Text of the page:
Any Day Now Summary
Drama series following the special relationship between two women -- Rene Jackson, a powerful and highly successful single African-American attorney and Mary Elizabeth Sims, a white married homemaker with children. The women have shared a friendship that dates back to their childhood in the 1960s South where, through flashbacks, the civil rights movement is seen through their eyes. Set in Birmingham, Alabama.
In the second season, Mary Elizabeth and Rene each long for a life she gave up along the way -- the life the other has. Inspired by Rene's career success, Mary Elizabeth pursues her long-delayed dream of writing by interning at the local newspaper. Rene becomes engaged and tries the challenging role of stepmother, while dealing with her fiance's resentment of her financial success.
The third season finds M.E. and Rene in search of purpose and reward beyond their day-to-day mantas, as they seek greater individual accomplishment in their everyday lives. Mary Elizabeth has finally finished her first novel, "Port Dixie," and Rene searches from more meaning in her life beyond her professional career as she becomes a mentor to a troubled teenager. M.E. and her husband Colliar find their heads above water. No longer experiencing the financial problems they had a year ago, they are making the adjustment from budgeting to spending. Meanwhile, Rene takes on some tough cases; she defends a teenager who may be tried for murder as an adult, and a young black man who is the victim of racial profiling. Rene goes through a period of self-discovery, leading her to the decision to become a mentor and to run for political office.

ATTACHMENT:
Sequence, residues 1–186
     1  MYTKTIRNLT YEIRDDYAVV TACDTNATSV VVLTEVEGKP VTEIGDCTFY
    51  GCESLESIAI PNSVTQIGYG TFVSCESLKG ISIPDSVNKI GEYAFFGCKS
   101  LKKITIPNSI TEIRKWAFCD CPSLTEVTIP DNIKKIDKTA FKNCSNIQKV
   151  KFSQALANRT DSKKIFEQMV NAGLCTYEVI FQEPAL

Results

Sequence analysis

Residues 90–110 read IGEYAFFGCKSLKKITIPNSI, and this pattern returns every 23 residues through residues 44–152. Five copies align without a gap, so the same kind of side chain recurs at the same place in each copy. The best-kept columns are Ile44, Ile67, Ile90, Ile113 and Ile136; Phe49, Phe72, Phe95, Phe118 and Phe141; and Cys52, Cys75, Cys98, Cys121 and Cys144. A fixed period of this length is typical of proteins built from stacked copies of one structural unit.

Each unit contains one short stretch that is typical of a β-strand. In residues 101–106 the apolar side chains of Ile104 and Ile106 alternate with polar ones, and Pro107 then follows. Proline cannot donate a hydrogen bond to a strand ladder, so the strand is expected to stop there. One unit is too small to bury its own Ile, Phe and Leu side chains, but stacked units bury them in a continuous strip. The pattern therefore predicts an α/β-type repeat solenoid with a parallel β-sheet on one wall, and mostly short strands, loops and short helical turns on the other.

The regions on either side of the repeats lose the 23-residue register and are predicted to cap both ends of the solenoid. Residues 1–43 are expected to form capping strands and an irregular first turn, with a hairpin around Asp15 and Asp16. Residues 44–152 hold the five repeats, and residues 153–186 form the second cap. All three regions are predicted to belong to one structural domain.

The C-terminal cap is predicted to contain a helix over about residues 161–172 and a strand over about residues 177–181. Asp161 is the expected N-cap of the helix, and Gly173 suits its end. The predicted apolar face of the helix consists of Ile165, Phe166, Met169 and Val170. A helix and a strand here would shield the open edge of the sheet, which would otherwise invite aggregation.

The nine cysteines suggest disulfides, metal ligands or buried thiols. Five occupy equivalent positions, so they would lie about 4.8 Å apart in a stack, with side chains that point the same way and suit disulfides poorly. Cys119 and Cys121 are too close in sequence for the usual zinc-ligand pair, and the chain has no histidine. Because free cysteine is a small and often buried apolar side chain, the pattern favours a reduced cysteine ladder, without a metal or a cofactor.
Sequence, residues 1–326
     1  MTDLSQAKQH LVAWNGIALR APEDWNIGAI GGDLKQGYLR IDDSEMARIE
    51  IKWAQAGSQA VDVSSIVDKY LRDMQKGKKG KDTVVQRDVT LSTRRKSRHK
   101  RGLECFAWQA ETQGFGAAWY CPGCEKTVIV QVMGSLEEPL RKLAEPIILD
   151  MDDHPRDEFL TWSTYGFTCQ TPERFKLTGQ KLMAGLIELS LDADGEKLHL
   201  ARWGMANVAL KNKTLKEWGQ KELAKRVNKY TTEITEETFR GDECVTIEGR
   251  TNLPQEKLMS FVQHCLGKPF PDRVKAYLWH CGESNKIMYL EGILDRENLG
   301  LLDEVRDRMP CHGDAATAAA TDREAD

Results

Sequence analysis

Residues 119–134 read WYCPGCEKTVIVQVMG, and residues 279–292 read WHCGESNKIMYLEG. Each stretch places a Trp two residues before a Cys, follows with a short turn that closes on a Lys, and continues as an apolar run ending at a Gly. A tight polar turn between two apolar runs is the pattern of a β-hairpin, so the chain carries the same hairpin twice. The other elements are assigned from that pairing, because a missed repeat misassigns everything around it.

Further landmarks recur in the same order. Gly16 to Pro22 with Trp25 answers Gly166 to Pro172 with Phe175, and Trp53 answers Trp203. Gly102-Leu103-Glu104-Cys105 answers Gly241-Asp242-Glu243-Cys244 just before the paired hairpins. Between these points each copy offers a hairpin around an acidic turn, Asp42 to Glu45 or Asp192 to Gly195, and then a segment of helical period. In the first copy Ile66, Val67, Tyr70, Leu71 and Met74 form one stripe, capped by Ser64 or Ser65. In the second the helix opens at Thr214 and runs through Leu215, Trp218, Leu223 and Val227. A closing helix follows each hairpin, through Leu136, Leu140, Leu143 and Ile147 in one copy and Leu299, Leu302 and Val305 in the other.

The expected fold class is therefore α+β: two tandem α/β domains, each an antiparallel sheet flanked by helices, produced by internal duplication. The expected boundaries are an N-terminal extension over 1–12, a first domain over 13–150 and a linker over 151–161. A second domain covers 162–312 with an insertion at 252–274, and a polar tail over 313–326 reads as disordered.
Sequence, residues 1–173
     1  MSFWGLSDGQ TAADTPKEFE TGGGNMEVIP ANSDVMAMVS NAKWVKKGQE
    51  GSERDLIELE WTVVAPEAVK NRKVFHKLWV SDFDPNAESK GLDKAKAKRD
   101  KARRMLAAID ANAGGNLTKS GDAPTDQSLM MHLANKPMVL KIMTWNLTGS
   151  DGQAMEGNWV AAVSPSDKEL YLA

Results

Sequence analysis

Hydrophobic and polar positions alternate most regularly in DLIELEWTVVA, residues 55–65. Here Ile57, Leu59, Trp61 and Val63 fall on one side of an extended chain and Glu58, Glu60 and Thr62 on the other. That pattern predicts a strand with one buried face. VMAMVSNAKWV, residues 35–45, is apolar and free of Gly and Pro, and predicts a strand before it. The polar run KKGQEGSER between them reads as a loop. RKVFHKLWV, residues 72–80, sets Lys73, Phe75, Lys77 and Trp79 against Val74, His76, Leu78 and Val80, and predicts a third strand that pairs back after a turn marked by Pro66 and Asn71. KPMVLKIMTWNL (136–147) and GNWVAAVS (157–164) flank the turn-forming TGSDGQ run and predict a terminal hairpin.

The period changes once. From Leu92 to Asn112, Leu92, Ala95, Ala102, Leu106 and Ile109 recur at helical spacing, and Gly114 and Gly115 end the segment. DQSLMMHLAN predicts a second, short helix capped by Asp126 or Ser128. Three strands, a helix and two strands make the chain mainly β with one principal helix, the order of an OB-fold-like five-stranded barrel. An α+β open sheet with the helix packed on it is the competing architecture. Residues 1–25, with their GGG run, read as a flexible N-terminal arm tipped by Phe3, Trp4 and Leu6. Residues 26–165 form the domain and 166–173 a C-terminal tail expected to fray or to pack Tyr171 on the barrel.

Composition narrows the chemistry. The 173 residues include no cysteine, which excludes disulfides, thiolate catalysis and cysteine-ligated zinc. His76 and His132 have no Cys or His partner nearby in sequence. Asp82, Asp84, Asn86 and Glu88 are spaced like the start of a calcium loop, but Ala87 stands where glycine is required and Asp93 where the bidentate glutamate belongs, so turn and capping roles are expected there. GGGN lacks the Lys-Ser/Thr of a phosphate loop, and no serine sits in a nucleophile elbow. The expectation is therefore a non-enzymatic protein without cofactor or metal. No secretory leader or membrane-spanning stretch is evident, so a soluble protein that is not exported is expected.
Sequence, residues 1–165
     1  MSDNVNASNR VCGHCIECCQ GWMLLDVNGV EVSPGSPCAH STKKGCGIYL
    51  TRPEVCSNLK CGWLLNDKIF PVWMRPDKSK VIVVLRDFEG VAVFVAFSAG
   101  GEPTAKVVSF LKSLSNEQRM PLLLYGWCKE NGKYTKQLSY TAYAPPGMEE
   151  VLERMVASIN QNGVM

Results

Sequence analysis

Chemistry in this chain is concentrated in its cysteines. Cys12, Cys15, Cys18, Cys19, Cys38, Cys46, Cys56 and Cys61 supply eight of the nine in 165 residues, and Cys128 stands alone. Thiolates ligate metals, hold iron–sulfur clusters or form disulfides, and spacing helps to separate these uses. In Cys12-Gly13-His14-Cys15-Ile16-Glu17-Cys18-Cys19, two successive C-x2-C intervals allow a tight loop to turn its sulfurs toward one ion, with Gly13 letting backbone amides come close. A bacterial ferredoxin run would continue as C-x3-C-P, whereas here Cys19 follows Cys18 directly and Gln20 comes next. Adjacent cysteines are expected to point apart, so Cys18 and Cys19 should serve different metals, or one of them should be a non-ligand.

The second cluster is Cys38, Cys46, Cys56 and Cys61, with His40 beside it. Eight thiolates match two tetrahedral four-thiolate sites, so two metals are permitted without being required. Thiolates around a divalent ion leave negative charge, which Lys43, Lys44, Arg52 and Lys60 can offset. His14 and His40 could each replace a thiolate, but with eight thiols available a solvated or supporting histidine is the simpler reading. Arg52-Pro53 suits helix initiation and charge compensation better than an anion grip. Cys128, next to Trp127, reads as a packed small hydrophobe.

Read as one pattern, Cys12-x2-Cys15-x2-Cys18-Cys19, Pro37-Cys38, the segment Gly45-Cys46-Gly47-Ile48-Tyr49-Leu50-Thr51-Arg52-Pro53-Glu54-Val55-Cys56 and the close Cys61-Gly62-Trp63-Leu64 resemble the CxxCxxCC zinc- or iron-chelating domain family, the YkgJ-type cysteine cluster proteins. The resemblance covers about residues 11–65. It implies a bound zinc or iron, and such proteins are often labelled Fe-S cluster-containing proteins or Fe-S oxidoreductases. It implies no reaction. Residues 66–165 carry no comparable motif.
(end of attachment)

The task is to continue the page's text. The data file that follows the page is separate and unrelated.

In the fourth season, Mary Elizabeth's writing career begins to take off as she struggles with her new role as a grandmother; she and her husband Colliar try to strengthen their sputtering marriage as they deal with helping to raise their bi-racial grandson. While their family relationships mend, Mother Nature threatens to wreak havoc on their Birmingham home. Meanwhile, Rene continues to make a name for herself in the community when she expands her practice to focus on civil rights cases. She moves into a new office and hires new associates, including her old office partner, Joe Lazano, a reformed ambulance chaser; as well as a tough, conservative African American woman, Staci Trenton; and a Southern "good ol' boy" lawyer, Carey. Together, they take on cases related to human rights issues, pollution, the homeless and "Good Samaritan" laws. Also, Rene begins a personal relationship that may lead her to the altar.